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Government accused of pressuring NB Power to sidestep tender process  

NB Power’s president denies the Liberal government pressured him to short-circuit the public tendering process by awarding a $1.4-billion wind-power project that had already been turned down by the utility.

On a day when NB Power and the Liberal government were announcing a new 49.5-megawatt wind-power project for Lameque, David Hay and Premier Shawn Graham were sideswiped by court documents.

They were filed by Toronto-based SkyPower Corp. and Miramichi-based Atcon Construction with the Court of Queen’s Bench in Saint John.

The firms are claiming they had been told by officials that the Liberal government supported their plan and its potential creation of 200 jobs in an economically depressed region of the province and would instruct NB Power to award the 20-year, $1.4-billion contract without a public competition.

There is a further allegation that Norm Betts, the former Conservative finance minister and a NB Power director, blocked the deal and leaked confidential information to a competing firm on which he served as a director.

Betts declined an interview, but he denied the allegations in his own court documents.

Hay, the utility’s president and chief executive officer, said in an interview Tuesday that he met with senior officials over the proposed wind project. But he dismissed any interpretation that the Liberals foisted pressure on him to bend the rules.

“The main thing people need to know is that in the normal course of business there are always discussions going on between the shareholder, the government and NB Power,” Hay said in an interview.

The utility’s statement of defence claims the wind-power company has attempted “directly and indirectly to unduly and unfairly interfere and influence the bidding process.” There are no court dates booked and the comments in all of the affidavits haven’t been proven in court.

The affidavit Hay filed in response to the lawsuit confirms he had a meeting with Graham, Bernard Theriault, the premier’s chief of staff, Energy Minister Jack Keir and Claire LePage, deputy minister of energy, around Jan. 16, 2007.

“At this meeting, I was made aware that discussions had taken place between the government, Atcon and SkyPower Corp. and the government was hopeful that additional megawatts of electricity could be developed and the government was in favour of a (power purchase agreement) being concluded with SkyPower Corp. and or Atcon,” Hay states.

“It was suggested to me at this meeting that (NB Power) could consider the purchase of additional wind energy without embarking on a public tendering process, to which suggestion I responded that such a decision would require (NB Power) board approval.”

The NB Power board of directors unanimously voted at its Feb. 7, 2007, meeting that any wind-power investments would be carried out through an open tendering process.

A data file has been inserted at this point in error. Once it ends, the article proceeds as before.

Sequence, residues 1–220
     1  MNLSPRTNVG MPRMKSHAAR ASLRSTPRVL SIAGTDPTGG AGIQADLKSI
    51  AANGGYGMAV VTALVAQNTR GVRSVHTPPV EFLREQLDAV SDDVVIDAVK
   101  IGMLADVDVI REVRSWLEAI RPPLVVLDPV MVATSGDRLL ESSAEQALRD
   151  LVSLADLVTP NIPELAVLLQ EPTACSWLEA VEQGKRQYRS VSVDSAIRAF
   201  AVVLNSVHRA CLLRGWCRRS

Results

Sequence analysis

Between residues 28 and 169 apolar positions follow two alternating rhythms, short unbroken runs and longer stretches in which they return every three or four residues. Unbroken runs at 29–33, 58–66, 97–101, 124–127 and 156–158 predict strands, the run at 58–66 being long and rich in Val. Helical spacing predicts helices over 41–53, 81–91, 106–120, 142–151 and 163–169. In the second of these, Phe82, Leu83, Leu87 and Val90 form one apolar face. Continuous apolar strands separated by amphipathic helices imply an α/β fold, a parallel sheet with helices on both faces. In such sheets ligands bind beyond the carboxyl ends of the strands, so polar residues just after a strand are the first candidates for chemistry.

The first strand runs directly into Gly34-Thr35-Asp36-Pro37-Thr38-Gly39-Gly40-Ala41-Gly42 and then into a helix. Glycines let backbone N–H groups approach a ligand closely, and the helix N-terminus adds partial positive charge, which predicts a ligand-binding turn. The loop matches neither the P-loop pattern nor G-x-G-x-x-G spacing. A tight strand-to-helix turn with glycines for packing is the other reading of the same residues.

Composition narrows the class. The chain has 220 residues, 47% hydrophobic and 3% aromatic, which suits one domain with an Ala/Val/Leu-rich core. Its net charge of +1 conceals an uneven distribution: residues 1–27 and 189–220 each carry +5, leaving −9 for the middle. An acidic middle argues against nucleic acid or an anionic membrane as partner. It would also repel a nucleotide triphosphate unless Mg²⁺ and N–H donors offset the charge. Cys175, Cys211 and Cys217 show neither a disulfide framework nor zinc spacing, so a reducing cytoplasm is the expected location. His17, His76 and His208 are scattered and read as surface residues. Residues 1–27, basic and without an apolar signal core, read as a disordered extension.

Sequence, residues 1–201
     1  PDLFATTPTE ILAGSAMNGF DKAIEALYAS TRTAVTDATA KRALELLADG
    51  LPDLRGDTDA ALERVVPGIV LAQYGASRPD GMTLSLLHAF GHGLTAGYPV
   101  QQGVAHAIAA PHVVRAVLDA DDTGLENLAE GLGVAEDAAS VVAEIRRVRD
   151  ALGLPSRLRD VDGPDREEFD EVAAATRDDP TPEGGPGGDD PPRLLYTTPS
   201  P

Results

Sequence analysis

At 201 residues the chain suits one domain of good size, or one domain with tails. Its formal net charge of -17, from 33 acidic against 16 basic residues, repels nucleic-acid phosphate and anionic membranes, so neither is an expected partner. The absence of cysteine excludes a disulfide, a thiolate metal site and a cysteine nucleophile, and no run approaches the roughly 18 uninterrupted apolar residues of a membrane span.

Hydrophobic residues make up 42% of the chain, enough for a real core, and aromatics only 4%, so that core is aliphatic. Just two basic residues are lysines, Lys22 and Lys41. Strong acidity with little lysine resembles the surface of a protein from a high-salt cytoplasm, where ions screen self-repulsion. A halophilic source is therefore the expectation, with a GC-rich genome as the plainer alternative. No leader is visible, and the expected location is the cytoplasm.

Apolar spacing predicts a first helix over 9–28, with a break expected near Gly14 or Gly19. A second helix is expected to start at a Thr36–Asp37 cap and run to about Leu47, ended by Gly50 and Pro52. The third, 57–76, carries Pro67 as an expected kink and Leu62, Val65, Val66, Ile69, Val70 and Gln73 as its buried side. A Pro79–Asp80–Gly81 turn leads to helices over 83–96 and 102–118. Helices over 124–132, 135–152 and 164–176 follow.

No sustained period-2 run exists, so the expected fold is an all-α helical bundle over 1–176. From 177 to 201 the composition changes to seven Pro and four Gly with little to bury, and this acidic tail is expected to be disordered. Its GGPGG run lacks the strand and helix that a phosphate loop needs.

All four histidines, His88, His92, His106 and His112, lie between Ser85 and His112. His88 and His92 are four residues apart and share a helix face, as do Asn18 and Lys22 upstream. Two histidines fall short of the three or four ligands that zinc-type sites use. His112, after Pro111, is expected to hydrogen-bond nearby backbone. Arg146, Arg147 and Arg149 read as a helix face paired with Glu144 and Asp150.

The utility announced May 17, 2007, that its next round of wind projects would also consider local economic development in the tendering process.

The premier refused to answer whether he put pressure on Hay to circumvent the proper bidding process because that issue is before the court. However, Graham said every megawatt that will be announced by the Liberal government will have passed through a tendering process.

“Our actions today speak for themselves; 300 megawatts of wind power that we’re announcing over the next few weeks were publicly tendered,” Graham said.

In early November, Hay said he had a conference call with Theriault, Eloi Duguay, the former deputy minister of Business New Brunswick, and Doug Tyler, the former head of Graham’s transition team.

During that time, Hay said public officials were concerned by the lack of New Brunswick manufacturing content in the wind-energy proposal being awarded by NB Power.

Tyler appears again in the court documents when he surfaces as a lobbyist for Atcon. Tyler said in an interview that at the time of the first meeting he had no ties to the Miramichi-based company.

“I went to work for Atcon some time mid to late January 2007,” Tyler said.

SkyPower’s other contention is that Betts sat as a director on a competing wind corporation’s board and leaked confidential information.

Mark Ledwell, the vice-president of operations and general counsel for the Atcon Group of Companies, stated in his court documents that “government communicated a willingness to cause or direct NB Power to enter into an agreement” for 200 megawatts of wind power as long as a tower manufacturing plant employing 200 people was established and the wind-power costs would match those of two other developers.

That verbal agreement disintegrated when the NB Power board met in February, a result the complainants blame on Betts.

By Daniel McHardie
Canadaeast News Service

The Daily Gleaner

23 January 2008

This article is the work of the source indicated. Any opinions expressed in it are not necessarily those of National Wind Watch.

The copyright of this article resides with the author or publisher indicated. As part of its noncommercial effort to present the environmental, social, scientific, and economic issues of large-scale wind power development to a global audience seeking such information, National Wind Watch endeavors to observe “fair use” as provided for in section 107 of U.S. Copyright Law and similar “fair dealing” provisions of the copyright laws of other nations. Send requests to excerpt, general inquiries, and comments via e-mail.

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